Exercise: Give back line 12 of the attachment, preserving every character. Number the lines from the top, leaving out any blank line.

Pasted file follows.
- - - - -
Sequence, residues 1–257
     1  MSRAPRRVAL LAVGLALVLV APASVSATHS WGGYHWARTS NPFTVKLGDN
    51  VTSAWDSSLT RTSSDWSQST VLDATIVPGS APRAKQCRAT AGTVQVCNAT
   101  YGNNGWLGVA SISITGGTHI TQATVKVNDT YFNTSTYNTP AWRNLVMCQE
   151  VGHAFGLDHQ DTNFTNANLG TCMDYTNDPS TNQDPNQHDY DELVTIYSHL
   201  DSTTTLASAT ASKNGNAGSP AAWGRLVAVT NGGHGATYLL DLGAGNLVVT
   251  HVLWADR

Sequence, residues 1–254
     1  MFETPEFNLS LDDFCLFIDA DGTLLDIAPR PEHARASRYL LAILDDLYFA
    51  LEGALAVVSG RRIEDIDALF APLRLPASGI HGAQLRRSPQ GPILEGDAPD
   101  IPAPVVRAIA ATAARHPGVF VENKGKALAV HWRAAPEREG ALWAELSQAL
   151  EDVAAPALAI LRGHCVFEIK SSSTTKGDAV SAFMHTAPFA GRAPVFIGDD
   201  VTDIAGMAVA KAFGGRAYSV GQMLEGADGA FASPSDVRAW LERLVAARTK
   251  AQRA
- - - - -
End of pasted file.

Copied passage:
   151  EDVAAPALAI LRGHCVFEIK SSSTTKGDAV SAFMHTAPFA GRAPVFIGDD